This novel intertwines the stories of Joyce and Marnie Novak, a mother and daughter, as Joyce endures a breast cancer diagnosis and treatment while in the midst of planning Marnie's wedding. Marnie, a fourth-year medical student heading for a surgery internship, is too busy to run to florists and negotiate with caterers. And Marnie has her own issues to contend with, not least of which is her growing doubt about her fiancÚ, Carson, with whom she has precious little in common. Marnie is also heavily invested in getting through to a long-term patient named Candy, in and out of the hospital from drug overdoses. Marnie knows that Candy won't survive another overdose and in lavishing attention on her, hopes she will stay clean this time around.
Bedside Manners was written by a physician who specializes in diagnostic radiology and breast imaging, and her expertise shows. The story is strongest and most realistic when dealing with medical issues, including their psychological impacts.
For example, we easily understand Joyce's shock and fright when she learns of her cancer diagnosis. Joyce can't help but catastrophize about the "what if" scenarios, wondering if she'll be weak and wearing a wig due to chemo hair loss by the time of Marnie's wedding. Joyce's husband, Alan, is a successful dental surgeon who tries to be supportive, but his manner of support often leaves Joyce feeling she'd rather face most of the difficult appointments herself. Joyce finds comfort through a breast cancer support group, where she is free to vent her deepest fears and find inspiration through others' experiences.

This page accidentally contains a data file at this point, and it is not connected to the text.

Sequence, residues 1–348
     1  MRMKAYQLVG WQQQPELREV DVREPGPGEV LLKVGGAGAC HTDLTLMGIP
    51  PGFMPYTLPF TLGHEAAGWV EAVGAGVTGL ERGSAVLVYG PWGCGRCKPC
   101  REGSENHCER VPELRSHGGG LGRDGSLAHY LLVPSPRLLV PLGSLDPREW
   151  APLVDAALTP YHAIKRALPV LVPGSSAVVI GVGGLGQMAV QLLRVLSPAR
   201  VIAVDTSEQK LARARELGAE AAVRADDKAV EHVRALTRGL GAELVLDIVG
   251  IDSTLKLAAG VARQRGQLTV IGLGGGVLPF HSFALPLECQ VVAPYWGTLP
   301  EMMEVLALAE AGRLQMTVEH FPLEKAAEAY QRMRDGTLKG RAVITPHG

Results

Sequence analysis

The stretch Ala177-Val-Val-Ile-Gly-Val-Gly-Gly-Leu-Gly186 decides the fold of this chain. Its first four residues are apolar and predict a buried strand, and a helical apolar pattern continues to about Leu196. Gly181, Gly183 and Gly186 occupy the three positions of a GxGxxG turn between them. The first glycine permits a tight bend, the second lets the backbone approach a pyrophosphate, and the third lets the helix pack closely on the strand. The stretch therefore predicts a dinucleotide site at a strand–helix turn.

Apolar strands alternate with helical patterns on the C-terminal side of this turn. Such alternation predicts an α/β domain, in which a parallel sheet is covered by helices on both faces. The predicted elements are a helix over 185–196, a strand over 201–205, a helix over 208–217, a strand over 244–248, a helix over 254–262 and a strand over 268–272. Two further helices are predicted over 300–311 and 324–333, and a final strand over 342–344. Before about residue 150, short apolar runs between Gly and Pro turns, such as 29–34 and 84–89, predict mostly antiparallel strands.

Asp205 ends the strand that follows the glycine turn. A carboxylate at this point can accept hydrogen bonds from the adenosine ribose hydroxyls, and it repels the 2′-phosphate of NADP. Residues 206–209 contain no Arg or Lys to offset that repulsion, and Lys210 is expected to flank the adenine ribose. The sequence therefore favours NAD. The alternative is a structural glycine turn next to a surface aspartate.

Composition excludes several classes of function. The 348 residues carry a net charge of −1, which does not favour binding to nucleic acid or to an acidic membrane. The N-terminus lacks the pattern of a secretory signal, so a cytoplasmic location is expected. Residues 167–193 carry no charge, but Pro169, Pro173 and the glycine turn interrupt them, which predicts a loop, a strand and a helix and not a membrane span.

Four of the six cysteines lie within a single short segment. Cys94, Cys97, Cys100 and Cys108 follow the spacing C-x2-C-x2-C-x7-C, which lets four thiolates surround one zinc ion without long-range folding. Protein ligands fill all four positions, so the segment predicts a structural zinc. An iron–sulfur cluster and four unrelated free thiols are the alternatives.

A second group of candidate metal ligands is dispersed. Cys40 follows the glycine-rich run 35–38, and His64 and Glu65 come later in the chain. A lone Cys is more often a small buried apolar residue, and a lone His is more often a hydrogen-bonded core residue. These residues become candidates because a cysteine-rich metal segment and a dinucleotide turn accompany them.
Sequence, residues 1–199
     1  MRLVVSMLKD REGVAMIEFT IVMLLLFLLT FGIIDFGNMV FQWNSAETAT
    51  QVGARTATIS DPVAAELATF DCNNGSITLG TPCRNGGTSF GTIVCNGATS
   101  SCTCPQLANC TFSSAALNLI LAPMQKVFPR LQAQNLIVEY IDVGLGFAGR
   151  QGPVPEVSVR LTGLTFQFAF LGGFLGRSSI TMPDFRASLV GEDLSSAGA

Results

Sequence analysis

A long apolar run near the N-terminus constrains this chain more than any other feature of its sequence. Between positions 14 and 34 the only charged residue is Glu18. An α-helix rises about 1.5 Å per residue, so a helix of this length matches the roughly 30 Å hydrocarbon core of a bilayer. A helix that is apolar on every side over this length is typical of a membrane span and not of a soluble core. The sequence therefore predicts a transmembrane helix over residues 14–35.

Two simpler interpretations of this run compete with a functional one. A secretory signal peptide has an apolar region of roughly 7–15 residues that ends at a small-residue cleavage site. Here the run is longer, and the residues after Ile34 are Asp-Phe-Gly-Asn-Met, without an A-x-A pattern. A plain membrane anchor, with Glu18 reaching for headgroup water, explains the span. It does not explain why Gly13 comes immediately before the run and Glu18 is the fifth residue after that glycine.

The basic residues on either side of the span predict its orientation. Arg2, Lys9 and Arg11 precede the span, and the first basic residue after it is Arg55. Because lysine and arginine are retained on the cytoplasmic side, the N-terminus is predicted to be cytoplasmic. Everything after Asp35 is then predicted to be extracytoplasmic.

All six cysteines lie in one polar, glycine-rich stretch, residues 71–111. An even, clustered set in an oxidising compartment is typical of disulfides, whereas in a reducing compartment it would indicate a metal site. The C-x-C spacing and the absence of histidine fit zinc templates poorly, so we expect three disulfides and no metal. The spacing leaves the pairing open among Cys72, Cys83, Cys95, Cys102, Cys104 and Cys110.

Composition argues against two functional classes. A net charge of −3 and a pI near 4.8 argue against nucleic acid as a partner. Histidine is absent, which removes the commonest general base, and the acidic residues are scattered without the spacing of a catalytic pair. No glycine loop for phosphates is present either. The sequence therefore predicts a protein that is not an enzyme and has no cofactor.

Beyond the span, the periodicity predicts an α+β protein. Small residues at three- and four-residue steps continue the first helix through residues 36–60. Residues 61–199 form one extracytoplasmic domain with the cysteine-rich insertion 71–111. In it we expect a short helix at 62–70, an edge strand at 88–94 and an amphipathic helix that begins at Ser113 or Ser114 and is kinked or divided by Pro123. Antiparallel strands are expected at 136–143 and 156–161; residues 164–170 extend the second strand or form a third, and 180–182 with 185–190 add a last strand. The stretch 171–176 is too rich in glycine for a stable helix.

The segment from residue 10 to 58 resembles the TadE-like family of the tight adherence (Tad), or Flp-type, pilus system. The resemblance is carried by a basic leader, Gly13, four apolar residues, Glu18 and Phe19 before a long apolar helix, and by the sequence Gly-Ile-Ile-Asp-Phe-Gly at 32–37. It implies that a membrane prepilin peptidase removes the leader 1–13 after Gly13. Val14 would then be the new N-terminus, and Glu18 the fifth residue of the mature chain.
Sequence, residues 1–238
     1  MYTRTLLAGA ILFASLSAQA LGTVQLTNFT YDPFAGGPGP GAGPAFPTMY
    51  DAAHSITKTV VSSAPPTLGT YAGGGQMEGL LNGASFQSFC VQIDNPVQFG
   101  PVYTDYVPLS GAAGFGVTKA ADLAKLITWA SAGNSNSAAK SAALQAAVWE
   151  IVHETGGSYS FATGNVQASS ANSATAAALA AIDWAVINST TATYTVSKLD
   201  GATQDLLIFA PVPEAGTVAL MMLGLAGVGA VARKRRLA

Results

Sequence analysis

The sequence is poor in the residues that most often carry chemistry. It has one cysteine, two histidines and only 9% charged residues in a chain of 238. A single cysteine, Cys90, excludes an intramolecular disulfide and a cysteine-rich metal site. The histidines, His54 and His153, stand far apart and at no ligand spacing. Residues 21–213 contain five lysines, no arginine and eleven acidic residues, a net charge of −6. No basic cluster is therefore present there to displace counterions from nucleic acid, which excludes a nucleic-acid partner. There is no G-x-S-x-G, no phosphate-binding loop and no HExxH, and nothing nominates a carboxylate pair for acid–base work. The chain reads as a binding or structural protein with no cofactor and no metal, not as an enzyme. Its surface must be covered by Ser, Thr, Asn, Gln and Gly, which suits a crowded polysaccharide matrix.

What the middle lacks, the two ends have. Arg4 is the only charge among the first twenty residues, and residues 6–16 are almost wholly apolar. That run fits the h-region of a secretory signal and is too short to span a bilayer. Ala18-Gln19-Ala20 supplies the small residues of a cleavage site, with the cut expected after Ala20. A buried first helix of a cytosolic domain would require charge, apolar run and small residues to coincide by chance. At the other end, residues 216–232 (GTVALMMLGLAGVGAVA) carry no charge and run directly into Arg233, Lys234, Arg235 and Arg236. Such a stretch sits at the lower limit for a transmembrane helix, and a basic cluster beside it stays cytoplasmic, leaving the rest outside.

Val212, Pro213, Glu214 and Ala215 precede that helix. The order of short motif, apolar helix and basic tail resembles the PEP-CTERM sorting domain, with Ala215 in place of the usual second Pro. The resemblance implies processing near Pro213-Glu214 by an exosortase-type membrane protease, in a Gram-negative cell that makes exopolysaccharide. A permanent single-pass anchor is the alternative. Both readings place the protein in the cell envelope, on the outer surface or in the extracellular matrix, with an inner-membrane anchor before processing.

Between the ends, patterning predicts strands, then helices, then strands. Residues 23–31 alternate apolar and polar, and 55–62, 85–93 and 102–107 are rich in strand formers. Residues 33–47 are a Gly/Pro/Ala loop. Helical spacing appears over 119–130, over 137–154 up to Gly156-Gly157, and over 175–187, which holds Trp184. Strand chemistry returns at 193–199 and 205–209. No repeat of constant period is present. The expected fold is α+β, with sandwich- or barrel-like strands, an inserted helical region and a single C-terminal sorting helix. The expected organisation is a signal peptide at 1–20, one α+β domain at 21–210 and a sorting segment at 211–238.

I enjoyed the novel more as it went along, but a few things bothered me as well. It was hard to understand Marnie's emotional investment in Candy, because she was already, tragically, seemingly beyond caring what happened to her. Marnie may have seen her real vulnerability and heart, but this reader only saw a brittle exterior. Additionally, Joyce always seems slightly annoyed with her husband, but the tension is never explored. It would have been helpful to show them having more discussions about their relationship—there is only one of significance, toward the end of the book.
The author highlighted that the Novaks are Jewish, though not religious, and Joyce just shrugs off that Marnie is engaged to a Southern-born and bred gentile named Carson. Marnie and Joyce only seem to become more concerned over the intermarriage when Carson's mother makes some vaguely anti-Jewish (mostly, anti-Marnie) comments. There was zero discussion about the larger implications of intermarriage. And finally, Marnie's grandmother, Nana Ida, speaks in a Yiddish, old-world style that is heavy on stereotypes and feels unrealistic for a woman of her generation.
Joyce and Marnie grow and change as individuals and become closer through these experiences. As a reader, I gained insight into the frightening road of breast cancer that many of my friends have traveled, but which, thank God, I have been spared.
Heather Frimmer is a physican specializing in diagnostic radiology and breast imaging, and an avid reader and writer. A published book reviewer across multiple websites, including Books, Ink and Booktrib, she lives in Connecticult with her husband and two sons. This is her first novel.
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